Strange, funny, and powerful, the stories in this collection highlight a master at work, encapsulating his boundless imagination and deep understanding of the human condition.

My Review of Electric Dreams

Philip K. Dick's Electric DreamsPhilip K. Dick’s Electric Dreams by Philip K. Dick
My rating: 3 of 5 stars

Electric Dreams is a collection of short stories that were the influence for the episodes in the recent tv series based on Philip K. Dick’s work.

The social and cultural side of a lot of them make the stories feel dated. A lot of the sci-fi is the standard stuff that was doing the rounds in the 50s / 60s – human style service robots etc. I don’t mind this, I love Arthur C. Clarke and Issac Asimov but I found it irritating here. Maybe because he’s touted as super modern and way ahead of his time? Also annoying is that the women are treated like daft bits of fluff that get in the men’s way.

He does have some very interesting ideas though and some of the stories I liked a lot. Autofac is one of my favourites, the idea of AI that runs away with itself due to thoughtless programming is so relevant to tech today that it’s chilling to read.

The Hanging Stranger is another one I liked. The suspense and the feeling of confusion the main character feels are spot on.

So some I liked and some I didn’t. Overall it’s an interesting read, especially to see where a lot of modern stories get their influences from.

Philip K. Dick's Electric Dreams
Philip K. Dick
Sci-Fi
November 14th 2017
Paperback
224

Everything About You by Heather Child

everything about you cover

Freya has a new virtual assistant. It knows what she likes, knows what she wants and knows whose voice she most needs to hear: her missing sister’s.

It adopts her sister’s personality, recreating her through a life lived online. But this virtual version of her knows things it shouldn’t be possible to know.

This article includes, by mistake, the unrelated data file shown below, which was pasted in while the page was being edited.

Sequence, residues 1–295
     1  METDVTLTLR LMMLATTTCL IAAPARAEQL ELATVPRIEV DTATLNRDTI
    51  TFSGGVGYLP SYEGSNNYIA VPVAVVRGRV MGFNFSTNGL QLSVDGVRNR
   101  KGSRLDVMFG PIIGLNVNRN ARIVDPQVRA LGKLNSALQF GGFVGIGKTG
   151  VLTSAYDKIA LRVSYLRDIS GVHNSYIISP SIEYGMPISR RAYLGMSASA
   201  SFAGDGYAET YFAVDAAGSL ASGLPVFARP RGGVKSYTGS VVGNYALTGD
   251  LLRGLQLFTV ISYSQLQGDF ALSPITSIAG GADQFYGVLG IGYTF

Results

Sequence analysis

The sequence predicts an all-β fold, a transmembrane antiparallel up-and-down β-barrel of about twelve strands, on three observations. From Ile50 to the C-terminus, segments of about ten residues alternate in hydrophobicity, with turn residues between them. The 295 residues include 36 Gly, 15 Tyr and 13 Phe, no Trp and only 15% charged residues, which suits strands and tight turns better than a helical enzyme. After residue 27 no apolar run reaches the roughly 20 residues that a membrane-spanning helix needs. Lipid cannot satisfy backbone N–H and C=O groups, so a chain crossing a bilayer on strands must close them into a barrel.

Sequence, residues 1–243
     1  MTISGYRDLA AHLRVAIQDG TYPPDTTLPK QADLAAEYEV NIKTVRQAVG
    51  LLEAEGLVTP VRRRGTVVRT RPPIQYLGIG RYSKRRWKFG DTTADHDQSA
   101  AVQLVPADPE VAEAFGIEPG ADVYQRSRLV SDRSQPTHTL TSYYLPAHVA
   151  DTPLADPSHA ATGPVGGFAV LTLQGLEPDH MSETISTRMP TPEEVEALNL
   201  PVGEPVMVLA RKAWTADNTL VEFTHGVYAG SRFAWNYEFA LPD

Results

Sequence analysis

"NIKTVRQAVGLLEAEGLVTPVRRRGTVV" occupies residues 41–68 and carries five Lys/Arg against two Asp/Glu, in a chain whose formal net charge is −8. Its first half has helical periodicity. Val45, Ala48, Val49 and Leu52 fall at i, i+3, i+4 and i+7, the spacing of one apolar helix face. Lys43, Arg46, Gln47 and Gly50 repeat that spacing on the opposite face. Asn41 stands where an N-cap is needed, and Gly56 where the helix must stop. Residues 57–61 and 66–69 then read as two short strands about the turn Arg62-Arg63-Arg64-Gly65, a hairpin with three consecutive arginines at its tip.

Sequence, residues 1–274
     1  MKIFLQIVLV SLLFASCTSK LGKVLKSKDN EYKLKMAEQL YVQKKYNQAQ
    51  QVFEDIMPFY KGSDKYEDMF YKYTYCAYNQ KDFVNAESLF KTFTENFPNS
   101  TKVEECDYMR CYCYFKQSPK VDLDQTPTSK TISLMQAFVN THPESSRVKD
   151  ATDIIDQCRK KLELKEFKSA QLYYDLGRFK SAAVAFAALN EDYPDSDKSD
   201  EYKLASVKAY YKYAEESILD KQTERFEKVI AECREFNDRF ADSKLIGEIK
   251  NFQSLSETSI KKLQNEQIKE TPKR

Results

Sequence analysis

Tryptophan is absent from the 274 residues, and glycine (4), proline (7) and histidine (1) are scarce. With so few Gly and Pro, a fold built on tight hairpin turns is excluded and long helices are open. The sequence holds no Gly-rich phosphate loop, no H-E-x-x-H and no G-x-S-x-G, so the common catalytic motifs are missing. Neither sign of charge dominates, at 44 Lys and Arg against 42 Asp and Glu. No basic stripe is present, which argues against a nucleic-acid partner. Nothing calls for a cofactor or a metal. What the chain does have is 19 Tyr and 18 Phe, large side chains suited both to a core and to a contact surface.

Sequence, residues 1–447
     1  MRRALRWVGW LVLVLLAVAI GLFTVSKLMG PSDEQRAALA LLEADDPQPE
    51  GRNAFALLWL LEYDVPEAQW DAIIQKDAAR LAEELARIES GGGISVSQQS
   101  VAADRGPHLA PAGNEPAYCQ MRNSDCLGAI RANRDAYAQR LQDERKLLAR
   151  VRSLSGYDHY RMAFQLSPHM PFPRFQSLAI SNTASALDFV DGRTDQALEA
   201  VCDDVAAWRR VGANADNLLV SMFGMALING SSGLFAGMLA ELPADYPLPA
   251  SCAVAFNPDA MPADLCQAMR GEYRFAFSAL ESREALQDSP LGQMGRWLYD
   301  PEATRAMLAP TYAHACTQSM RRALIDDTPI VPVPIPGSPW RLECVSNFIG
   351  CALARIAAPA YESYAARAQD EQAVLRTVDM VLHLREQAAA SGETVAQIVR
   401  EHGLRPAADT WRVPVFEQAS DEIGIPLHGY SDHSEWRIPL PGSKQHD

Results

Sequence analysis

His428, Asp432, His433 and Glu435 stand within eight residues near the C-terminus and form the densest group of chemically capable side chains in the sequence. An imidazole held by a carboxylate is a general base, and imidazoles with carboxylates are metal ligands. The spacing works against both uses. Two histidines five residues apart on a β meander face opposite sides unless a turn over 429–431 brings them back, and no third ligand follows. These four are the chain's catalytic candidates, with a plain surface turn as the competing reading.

It’s almost as if the missing girl is still out there somewhere, feeding fresh updates into the cloud. But that’s impossible. Isn’t it?

Everything About YouEverything About You by Heather Child
My rating: 3 of 5 stars

I loved the idea behind the story and the way that it takes the tech we have today and extrapolates it all just that little bit into what we might have tomorrow!

It made it feel very realistic and relatable, like a world I’m excited to see. If anyone remembers Tomorrow’s World on the BBC, it made me think of that a lot while I was reading it (spaghetti plants aside).

Part of the story is that Freya is struggling to find her own space in the world and I get that, it just felt like she didn’t understand, and didn’t care to understand, basic things about how society works. She was so clueless it was hard to fully grasp the world and how it worked. It was like she’d just been dumped there and was a stranger herself. As the reader we learn the world through the characters and because Freya didn’t understand her world it made me feel lost, like basic parts of the plotline were passing me by.

As an example, Freya goes on a date she’s arranged online and 8 men turn up. She is confused and scared by it but after discussions with her virtual assistant appears to eventually grasp the situation – I never did.